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Gut Feeling

Credit: BrianAJackson/iStockphoto

Credit: BrianAJackson/iStockphoto

By Nicholas Talley

Does indigestion lead to anxiety and other mood disorders, and could a cure be in sight for both?

Eating is one of the most fundamental experiences we share, but it’s not without risk. Every time we eat we put several foreign substances into our body that may or may not hurt us, including bacteria and substances that may cause an allergic reaction. The stomach kills harmful bacteria – one of the reasons it produces acid that could scald our skin if applied – relaxes after we eat so we feel pleasantly full and stop eating, and moves the food into the upper intestine without us having to think about it at all.

The gastrointestinal nerves and muscles are silently controlled by a very complex system located in the wall of the stomach and bowel. Sometimes called the “second brain”, it connects to the big brain in the head via large nerve fibres.

We don’t usually feel the movement of food through our intestine, although sometimes we do hear noises or pass gas. Nor is digestion typically felt or sensed; often the only clue our system is working normally is that we feel comfortable but then gradually start to look forward to our next meal.

Enzymes and bacteria quietly break down the food, and we absorb the nutrients and vitamins until just the waste products remain. These move through the bowel and are expelled.

From time to time, however, this system becomes dysfunctional. For some people, eating turns from a pleasure into a pain – or worse.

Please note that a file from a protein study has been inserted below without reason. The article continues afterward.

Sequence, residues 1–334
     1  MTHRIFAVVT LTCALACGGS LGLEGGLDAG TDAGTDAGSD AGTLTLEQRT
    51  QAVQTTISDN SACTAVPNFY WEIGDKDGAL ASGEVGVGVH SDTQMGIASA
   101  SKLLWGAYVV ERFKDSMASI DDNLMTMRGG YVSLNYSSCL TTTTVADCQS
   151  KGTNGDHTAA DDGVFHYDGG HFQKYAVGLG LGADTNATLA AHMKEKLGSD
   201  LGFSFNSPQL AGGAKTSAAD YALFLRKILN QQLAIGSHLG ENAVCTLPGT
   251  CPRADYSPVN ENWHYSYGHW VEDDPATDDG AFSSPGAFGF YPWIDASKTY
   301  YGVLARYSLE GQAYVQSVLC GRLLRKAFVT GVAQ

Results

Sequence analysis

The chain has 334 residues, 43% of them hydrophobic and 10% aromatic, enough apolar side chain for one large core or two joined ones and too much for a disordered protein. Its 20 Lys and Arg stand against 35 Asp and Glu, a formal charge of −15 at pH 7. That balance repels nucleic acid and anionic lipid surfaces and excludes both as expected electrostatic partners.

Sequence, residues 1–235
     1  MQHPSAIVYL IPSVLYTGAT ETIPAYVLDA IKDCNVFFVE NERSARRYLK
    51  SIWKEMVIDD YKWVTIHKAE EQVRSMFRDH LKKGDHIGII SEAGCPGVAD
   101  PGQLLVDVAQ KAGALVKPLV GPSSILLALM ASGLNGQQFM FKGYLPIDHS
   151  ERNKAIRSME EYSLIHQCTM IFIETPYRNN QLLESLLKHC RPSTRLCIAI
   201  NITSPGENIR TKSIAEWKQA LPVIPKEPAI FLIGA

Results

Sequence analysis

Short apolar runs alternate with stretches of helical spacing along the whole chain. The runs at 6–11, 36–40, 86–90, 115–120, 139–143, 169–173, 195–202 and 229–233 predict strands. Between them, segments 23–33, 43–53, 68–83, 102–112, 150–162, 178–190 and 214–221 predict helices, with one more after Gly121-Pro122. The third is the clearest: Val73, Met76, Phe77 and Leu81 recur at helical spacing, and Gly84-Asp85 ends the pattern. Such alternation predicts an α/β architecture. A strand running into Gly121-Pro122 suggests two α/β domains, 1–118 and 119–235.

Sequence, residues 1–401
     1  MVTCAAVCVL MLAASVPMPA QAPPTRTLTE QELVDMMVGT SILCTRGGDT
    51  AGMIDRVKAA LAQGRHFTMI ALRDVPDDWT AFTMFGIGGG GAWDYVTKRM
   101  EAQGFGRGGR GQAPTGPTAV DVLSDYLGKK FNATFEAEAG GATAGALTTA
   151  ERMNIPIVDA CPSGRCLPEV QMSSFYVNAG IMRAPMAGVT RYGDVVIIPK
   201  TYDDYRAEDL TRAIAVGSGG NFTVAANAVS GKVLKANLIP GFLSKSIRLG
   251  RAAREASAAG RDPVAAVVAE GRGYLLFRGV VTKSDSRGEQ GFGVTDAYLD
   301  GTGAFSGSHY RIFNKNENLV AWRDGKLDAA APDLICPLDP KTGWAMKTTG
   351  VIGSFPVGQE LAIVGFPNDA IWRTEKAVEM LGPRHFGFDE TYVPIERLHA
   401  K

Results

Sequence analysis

Everyone occasionally suffers with indigestion, but people of any age can develop a stomach disease that makes them feel really full and uncomfortable or bloated after eating. These people can’t eat normally anymore, and this can happen after every meal. Sometimes pain also then develops in the pit of the stomach (just below the breast bone), and nausea may be felt too. A burning sensation can also be experienced in the belly, sometimes travelling up into the chest.

These common abdominal symptoms signal the presence of indigestion, or what doctors often call dyspepsia. Up to 10% of Australians suffer with symptoms after they eat, and quality of life can be severely impaired, which is why you see so many over-the-counter remedies in the pharmacy. But the cause of more than 70% of cases of severe indigestion has until recently remained a mystery. Doctors rather confusingly call this mysterious disorder “functional” dyspepsia (“functional” meaning that the stomach and upper intestine are thought to be no longer functioning normally.) Other conditions like a stomach ulcer can cause similar symptoms, but ulcers are much less common than functional dyspepsia.